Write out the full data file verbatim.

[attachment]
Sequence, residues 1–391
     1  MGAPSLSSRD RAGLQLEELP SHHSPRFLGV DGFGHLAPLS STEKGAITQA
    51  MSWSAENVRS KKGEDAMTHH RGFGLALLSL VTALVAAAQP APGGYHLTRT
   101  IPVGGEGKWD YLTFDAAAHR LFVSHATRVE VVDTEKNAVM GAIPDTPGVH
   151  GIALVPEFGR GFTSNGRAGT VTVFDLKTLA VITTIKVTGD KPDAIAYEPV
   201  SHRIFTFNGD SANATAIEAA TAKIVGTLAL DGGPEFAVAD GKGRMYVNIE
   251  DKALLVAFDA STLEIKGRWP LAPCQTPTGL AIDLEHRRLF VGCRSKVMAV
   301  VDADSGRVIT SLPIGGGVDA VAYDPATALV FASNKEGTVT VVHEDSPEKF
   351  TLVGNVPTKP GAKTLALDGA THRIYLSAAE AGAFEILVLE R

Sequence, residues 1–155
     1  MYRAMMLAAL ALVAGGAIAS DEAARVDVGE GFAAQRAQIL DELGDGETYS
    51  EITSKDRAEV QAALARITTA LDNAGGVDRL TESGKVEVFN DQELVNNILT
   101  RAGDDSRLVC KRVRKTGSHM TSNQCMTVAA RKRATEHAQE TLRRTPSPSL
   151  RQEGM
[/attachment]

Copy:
Sequence, residues 1–391
     1  MGAPSLSSRD RAGLQLEELP SHHSPRFLGV DGFGHLAPLS STEKGAITQA
    51  MSWSAENVRS KKGEDAMTHH RGFGLALLSL VTALVAAAQP APGGYHLTRT
   101  IPVGGEGKWD YLTFDAAAHR LFVSHATRVE VVDTEKNAVM GAIPDTPGVH
   151  GIALVPEFGR GFTSNGRAGT VTVFDLKTLA VITTIKVTGD KPDAIAYEPV
   201  SHRIFTFNGD SANATAIEAA TAKIVGTLAL DGGPEFAVAD GKGRMYVNIE
   251  DKALLVAFDA STLEIKGRWP LAPCQTPTGL AIDLEHRRLF VGCRSKVMAV
   301  VDADSGRVIT SLPIGGGVDA VAYDPATALV FASNKEGTVT VVHEDSPEKF
   351  TLVGNVPTKP GAKTLALDGA THRIYLSAAE AGAFEILVLE R

Sequence, residues 1–155
     1  MYRAMMLAAL ALVAGGAIAS DEAARVDVGE GFAAQRAQIL DELGDGETYS
    51  EITSKDRAEV QAALARITTA LDNAGGVDRL TESGKVEVFN DQELVNNILT
   101  RAGDDSRLVC KRVRKTGSHM TSNQCMTVAA RKRATEHAQE TLRRTPSPSL
   151  RQEGM